Who are the women su­per­charg­ing bio­phar­ma R&D? Nom­i­nate them for this year's spe­cial re­port

The biotech in­dus­try has faced re­peat­ed calls to di­ver­si­fy its work­force — and in the last year, those calls got a lot loud­er. Though women ac­count for just un­der half of all biotech em­ploy­ees around the world, they oc­cu­py very few places in C-suites, and even few­er make it to the helm.

Some com­pa­nies are lis­ten­ing, ac­cord­ing to a re­cent BIO sur­vey which showed that this year’s com­pa­nies were 2.5 times more like­ly to have a di­ver­si­ty and in­clu­sion pro­gram com­pared to last year’s sam­ple. But we still have a long way to go. Women rep­re­sent just 31% of biotech ex­ec­u­tives, BIO re­port­ed. And those num­bers are even more stark for women of col­or.

Even though women are en­ter­ing the field at sim­i­lar rates as men, many still re­port be­ing held back by stereo­types, or, un­for­tu­nate­ly, fac­ing ha­rass­ment from col­leagues. This year, we’ve been close­ly fol­low­ing sex­u­al ha­rass­ment al­le­ga­tions against some of the in­dus­try’s most promi­nent fig­ures, in­clud­ing for­mer Op­er­a­tion Warp Speed head Mon­cef Slaoui, MIT sci­en­tist David Saba­ti­ni, Eli Lil­ly CFO Josh Smi­ley, and an­ti-ag­ing re­searcher Aubrey de Grey. It’s a list that is far too long — and like­ly to get longer.

At End­points News, we be­lieve it’s time for a change. And cel­e­brat­ing those who have bro­ken the glass ceil­ing is cru­cial to get­ting there.

For the third year, we’ll be shar­ing the sto­ries of 20 women who are su­per­charg­ing drug R&D and, in the process, blaz­ing new paths for oth­ers to fol­low. Last year, we homed in on those who were mak­ing strides in the fight against Covid-19 — and thanks to their ef­forts, we now have the first vac­cines and treat­ments to bat­tle the world’s largest pub­lic health cri­sis in decades.

Once again, we’ll need your help find­ing this year’s hon­orees. So hur­ry up and send us your CEOs, CMOs, CSOs, R&D di­rec­tors and lead sci­en­tists — any­one who’s leav­ing a last­ing mark on the in­dus­try. For the sec­ond year, you’ll get to hear di­rect­ly from our hon­orees at a live event on Dec. 7.

Email your nom­i­nee’s name, po­si­tion, and your rea­son for choos­ing them to nicole@end­pointsnews.com and am­ber@end­pointsnews.com. Or, use this form. Nom­i­na­tions are open through Sept. 30. We look for­ward to hear­ing from you.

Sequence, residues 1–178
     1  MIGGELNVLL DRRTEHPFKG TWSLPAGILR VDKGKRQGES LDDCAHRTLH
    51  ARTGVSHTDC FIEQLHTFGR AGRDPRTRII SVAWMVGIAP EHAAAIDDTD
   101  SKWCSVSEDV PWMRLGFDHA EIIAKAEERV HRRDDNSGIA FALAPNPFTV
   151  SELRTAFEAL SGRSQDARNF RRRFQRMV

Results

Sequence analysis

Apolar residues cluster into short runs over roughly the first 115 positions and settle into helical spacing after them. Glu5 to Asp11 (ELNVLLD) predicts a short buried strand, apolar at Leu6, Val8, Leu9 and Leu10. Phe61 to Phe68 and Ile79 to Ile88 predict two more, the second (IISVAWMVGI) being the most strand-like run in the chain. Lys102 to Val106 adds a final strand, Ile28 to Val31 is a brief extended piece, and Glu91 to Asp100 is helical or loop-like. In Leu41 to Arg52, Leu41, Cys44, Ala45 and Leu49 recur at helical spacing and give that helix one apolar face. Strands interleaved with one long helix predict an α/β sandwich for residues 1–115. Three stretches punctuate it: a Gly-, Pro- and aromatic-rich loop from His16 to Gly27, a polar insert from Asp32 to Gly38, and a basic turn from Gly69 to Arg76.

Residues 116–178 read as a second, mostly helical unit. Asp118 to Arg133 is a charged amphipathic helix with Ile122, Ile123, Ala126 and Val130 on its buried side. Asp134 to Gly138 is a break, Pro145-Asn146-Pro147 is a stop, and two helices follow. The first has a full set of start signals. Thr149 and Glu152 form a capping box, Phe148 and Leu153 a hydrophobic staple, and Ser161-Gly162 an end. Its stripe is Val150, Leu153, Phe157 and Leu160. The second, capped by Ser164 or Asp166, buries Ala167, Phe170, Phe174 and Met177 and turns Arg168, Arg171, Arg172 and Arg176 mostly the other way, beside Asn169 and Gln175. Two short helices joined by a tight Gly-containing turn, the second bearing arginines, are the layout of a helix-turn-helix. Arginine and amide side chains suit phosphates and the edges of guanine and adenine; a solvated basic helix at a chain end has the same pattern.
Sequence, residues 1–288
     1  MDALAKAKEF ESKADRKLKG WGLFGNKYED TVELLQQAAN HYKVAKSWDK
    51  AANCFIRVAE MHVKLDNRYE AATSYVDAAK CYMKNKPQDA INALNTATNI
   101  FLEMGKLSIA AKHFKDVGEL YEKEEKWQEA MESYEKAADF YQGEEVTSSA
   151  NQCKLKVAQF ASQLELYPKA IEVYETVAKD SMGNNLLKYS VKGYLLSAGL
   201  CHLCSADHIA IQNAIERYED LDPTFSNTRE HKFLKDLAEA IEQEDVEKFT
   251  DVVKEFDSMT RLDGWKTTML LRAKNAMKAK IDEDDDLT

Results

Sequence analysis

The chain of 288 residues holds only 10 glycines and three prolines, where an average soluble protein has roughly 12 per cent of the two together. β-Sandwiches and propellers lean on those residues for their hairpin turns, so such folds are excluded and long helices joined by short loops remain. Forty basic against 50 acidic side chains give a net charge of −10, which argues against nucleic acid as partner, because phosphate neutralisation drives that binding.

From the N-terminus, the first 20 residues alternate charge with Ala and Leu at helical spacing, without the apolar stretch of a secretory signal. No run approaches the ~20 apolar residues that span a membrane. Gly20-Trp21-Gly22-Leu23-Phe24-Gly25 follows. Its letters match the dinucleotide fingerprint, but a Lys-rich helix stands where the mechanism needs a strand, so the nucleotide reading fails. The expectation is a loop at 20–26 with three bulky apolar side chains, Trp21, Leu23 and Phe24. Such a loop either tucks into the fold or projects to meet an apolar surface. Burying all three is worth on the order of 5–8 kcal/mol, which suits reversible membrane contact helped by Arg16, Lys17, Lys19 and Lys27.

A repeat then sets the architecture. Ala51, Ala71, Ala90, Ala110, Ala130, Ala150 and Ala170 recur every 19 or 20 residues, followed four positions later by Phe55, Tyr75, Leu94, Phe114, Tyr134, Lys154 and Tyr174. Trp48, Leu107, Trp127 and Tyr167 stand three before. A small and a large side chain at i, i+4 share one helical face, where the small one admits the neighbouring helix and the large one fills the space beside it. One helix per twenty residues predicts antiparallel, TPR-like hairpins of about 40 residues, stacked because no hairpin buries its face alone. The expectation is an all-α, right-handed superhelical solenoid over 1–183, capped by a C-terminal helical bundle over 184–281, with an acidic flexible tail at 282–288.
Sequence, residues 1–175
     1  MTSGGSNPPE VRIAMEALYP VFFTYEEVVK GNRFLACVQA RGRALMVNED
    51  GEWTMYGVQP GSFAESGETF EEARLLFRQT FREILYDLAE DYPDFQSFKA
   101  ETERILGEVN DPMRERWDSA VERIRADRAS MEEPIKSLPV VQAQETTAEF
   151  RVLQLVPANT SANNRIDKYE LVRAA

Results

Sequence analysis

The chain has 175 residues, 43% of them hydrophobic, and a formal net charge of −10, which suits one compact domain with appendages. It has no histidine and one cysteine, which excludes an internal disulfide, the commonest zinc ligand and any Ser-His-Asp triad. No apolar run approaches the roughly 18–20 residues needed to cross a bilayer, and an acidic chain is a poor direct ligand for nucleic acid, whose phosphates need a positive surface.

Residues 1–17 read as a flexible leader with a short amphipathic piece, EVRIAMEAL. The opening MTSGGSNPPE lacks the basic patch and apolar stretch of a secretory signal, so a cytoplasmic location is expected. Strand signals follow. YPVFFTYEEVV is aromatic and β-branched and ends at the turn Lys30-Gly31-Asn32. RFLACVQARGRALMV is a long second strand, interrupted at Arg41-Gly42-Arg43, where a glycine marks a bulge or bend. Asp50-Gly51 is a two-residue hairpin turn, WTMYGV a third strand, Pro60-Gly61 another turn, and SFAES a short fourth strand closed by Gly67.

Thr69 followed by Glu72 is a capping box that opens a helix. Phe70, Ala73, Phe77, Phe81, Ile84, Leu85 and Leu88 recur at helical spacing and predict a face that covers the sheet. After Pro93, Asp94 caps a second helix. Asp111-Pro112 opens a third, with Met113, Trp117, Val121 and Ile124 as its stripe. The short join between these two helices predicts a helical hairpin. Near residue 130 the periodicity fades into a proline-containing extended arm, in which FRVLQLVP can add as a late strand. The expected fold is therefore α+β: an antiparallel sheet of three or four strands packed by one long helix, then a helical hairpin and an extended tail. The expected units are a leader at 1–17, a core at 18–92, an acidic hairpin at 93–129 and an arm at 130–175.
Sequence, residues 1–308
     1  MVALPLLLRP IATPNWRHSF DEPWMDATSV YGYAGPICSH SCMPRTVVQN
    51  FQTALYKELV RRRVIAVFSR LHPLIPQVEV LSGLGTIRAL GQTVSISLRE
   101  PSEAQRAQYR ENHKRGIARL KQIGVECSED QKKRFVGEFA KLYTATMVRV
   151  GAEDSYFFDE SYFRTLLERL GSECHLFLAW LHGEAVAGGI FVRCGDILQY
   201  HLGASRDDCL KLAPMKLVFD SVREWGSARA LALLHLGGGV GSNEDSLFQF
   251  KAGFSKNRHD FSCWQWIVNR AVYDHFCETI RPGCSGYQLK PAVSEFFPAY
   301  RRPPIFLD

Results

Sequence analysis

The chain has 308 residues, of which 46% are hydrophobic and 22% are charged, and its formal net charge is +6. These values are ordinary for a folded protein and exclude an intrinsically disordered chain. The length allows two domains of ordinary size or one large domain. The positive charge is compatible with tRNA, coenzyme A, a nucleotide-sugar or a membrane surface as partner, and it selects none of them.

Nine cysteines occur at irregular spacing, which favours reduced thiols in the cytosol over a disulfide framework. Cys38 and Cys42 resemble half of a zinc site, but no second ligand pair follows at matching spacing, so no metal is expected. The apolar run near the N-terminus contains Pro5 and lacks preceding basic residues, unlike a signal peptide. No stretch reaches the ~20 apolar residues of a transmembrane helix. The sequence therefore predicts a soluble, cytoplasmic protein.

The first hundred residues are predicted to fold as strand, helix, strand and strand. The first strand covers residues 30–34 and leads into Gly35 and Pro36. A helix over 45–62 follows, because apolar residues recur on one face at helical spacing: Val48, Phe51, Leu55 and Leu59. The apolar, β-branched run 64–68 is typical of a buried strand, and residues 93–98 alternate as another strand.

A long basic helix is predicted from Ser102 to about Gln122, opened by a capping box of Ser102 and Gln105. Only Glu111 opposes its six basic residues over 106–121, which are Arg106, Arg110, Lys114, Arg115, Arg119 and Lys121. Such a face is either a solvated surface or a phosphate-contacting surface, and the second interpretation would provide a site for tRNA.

Up­date: Nom­i­na­tions are now closed. Thanks for your par­tic­i­pa­tion!

Up­dat­ed: FDA re­mains silent on or­phan drug ex­clu­siv­i­ty af­ter last year's court loss

Since losing a controversial court case over orphan drug exclusivity last year, the FDA’s Office of Orphan Products Development has remained entirely silent on orphan exclusivity for any product approved since last November, leaving many sponsors in limbo on what to expect.

That silence means that for more than 70 orphan-designated indications for more than 60 products, OOPD has issued no public determination on the seven-year orphan exclusivity in the Orange Book, and no new listings of orphan exclusivity appear in OOPD’s searchable database, as highlighted recently by George O’Brien, a partner in Mayer Brown’s Washington, DC office.

Thomas Gad, Y-mAbs Therapeutics founder and interim CEO

FDA re­jects Y-mAbs’ neu­rob­las­toma drug af­ter tak­ing is­sue with clin­i­cal tri­al de­sign

Uncertainty about clinical trial evidence has led the FDA to hand down a complete response letter for Y-mAbs’ neuroblastoma drug, casting a cloud on the future of a candidate that had gone through a long development journey in a rare pediatric cancer.

Y-mAbs said it’s disappointed “but not surprised” given that the agency’s oncology drug advisory committee had voted 16-0 against its drug’s approval a few weeks ago.

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Philip Tagari switch­es Am­gen's dis­cov­ery lab for in­sitro's ma­chine learn­ing tools; CEO Joaquin Du­a­to to chair J&J's board

In February, Philip Tagari will take a few days of retirement and then immediately return to industry. He won’t be leading the therapeutics discovery unit for a large biopharma, though.

He’ll trade in his Amgen hat for chief scientist at a machine learning startup that has reeled in hundreds of millions in capital to lay the groundwork for a much-hyped new model of drug discovery that aims to speed up the time to new clinical assets.

Raul Rodriguez, Rigel Pharma CEO

Rigel Phar­ma scores FDA ap­proval for leukemia, kick­ing off show­down with Servi­er in IDH1